Hanoi, Vietnam - In an non-descript section of greater Hanoi, down a long alley you can find a small miracle workers shop dedicated to changing lives. When Dr. Do retired from a long and distinguished career as a maker of orthopedic devices for handicapped people, he chose not to retire. He turned the first floor of his home into a clinic where he regularly sees children in need of prosthetic devices. Dr. Do’s patients are the poor children of Hanoi. He knows by name, more than 1,000 children in Hanoi who need prosthetic devices but whose families cannot afford them. Dr. Do is systematically working his way through that list with the goal in mind of providing the needed devices to the children free of charge to them or their families. UniReach helped fund the establishment of Dr. Do’s clinic, the oven for curing plastic, cast saws and numerous other tools. They continues to support the clinic by purchasing the materials needed to construct the devices for the children and teen-agers. The average cost per device is around $125 with the most costly ones at about $250. Meeting Dr. Do and seeing the work he is doing among the limbless poor in Hanoi made me think about the last time I spent $125 for something that perhaps I didn’t need.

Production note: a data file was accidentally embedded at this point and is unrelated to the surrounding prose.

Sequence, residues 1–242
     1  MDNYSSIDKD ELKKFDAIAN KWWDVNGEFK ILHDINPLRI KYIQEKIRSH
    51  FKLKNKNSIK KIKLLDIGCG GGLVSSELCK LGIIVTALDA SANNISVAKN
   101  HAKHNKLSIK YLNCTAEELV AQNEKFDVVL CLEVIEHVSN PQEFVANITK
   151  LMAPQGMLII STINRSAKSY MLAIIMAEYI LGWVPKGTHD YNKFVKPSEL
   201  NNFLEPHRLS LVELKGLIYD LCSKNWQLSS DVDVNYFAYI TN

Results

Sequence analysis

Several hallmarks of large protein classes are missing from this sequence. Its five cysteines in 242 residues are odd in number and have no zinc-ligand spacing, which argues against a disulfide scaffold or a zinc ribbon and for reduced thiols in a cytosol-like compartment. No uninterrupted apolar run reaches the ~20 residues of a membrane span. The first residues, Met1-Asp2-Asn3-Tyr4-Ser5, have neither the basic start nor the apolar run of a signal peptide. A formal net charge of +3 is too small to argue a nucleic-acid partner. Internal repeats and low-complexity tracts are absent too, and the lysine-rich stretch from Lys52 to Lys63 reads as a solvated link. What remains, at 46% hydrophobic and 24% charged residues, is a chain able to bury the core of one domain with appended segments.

Hanoi, Vietnam - When the bus dropped us off, the was no school, no playground just a typical busy Hanoi neighborhood. We walked down a narrow ally, past a couple of street markets, dodged a few motor bikes, down a still smaller alley to arrive at a non-descript four story house with a plaque outside – Trung Tam Hy Vong (Hope Center). According to UNICEF there are about 1 million disabled children in Vietnam. Putting that in context, every 90th person living in Vietnam is a handicapped child under the age of seventeen. Many believe that the Agent Orange sprayed in the 60’s and 70’s invaded the ecosystem and the national gene pool, impacting the countryside and the people even until today. Dr Nga has created the Hope Center from a determined desire to help as many of those 1 million special needs kids as possible – at least in the Hanoi area.
Saturday, March 27, 2010
Friday, March 26, 2010
Son My, Vietnam - After visiting the Chau O playground site that UniReach constructed two years ago, we spent a few hours at the site of the My Lai massacre outside of Quang Ngai. This was the site of the mass murder conducted by one unit of the US Army on March 16, 1968. Between 347 to 504 unarmed citizens of the town, all of whom were civilians and the majority of women, children (including babies) and elderly were sexually abused, beaten, and tortured.